In the South, students are going back to college this month. Sadly, I can no longer count myself as a student – of any shape, form or fashion – but that doesn’t mean I can’t reminisce.
My roommate’s niece is going to Ole Miss, and hearing about her excitement sends me back to when I was about to embark on my freshman year. I didn’t know a soul in Mississippi – had never been there except for a visit to see Ole Miss and that other school in Starkville – but that didn’t matter. Within days, Ole Miss – and Oxford – were home.
I stumbled across the Southern Foodways Alliance blog today. I think any Southerner will tell you that food is a huge part of our culture. It’s more than just ‘food,’ per se. It’s preparing the food, sharing it, spending time together over a meal. It’s how we do. And in Oxford, it’s easy to find really fantastic places to eat.
Taylor Grocery is not in Oxford, actually. It’s in Taylor, MS; a tiny town, population: 500 people. It’s about a fifteen minute drive from Ole Miss down Old Taylor Road – and I’m not lying when I say the directions include the phrase, “And when you get to the stop sign, it’s that old storefront in the curve of the road on your left.”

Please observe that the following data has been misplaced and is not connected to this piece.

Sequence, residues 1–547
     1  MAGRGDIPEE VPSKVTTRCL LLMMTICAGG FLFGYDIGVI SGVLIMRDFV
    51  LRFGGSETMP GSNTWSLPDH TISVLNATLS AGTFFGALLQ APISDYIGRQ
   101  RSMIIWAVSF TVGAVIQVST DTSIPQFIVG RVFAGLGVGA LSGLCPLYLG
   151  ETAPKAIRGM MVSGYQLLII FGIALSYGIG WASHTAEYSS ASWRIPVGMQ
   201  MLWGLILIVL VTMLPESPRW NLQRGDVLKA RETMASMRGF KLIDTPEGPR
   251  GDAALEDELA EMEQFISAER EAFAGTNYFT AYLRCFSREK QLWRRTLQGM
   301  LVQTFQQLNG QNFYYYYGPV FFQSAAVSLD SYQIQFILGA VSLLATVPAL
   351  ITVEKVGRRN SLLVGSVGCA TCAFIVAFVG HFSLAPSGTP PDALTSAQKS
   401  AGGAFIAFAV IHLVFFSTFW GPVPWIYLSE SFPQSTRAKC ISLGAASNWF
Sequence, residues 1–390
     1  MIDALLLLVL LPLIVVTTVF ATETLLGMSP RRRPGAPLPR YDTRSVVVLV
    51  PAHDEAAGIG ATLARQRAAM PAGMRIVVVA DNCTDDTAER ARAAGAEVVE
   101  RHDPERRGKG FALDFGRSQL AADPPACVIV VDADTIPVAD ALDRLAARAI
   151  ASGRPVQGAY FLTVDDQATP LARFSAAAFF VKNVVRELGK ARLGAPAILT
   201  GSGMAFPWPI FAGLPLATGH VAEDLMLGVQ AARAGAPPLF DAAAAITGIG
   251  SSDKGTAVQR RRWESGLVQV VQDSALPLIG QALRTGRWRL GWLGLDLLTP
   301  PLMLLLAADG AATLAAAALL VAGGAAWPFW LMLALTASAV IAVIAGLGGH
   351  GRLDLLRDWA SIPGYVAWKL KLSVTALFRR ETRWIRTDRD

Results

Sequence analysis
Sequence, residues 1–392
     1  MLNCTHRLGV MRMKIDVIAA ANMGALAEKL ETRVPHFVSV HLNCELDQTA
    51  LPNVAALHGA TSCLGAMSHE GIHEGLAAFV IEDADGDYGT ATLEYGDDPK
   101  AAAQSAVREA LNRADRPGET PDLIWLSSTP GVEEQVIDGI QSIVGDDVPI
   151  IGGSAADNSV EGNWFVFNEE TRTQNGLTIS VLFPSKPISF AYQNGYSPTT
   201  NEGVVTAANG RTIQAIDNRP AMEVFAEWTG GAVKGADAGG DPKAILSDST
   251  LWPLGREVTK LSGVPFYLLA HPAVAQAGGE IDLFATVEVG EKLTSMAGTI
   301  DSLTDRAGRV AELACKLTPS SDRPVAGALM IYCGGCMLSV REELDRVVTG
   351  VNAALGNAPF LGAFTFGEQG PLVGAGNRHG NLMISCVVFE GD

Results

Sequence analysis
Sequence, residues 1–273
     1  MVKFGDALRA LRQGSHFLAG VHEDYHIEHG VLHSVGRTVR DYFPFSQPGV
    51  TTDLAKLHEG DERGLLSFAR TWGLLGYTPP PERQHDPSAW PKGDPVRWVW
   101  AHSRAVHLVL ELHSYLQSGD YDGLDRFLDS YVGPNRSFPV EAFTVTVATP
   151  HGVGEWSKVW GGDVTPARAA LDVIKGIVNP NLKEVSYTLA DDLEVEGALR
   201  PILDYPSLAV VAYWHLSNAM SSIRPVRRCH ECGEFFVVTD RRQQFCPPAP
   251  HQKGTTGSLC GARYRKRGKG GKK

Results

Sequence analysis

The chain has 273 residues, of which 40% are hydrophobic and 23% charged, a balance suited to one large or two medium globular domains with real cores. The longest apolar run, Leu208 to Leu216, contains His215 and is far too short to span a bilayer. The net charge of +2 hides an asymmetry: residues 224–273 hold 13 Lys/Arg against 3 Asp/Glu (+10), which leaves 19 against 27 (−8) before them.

Eating at Taylor is a quintessential part of being a student at Ole Miss. They’re famous for catfish, brownbagging, and long waits. But it doesn’t really matter. You come prepared with an adult beverage of choice, plastic cups, and you never seem to notice how long you sit on the front porch.I spent many a memorable night at Taylor when I was in college, and I always try and go back whenever I’m in Oxford.
Fun fact: Ryan and Beth’s first meeting was at Taylor. My best friend Elizabeth introduced them (and I like to think I had a small part in it, too!). Mr. and Mrs. Whittington, you’re welcome.
“Eat or we both starve” proclaims their signs and t-shirts. Well, I’ll drink to that.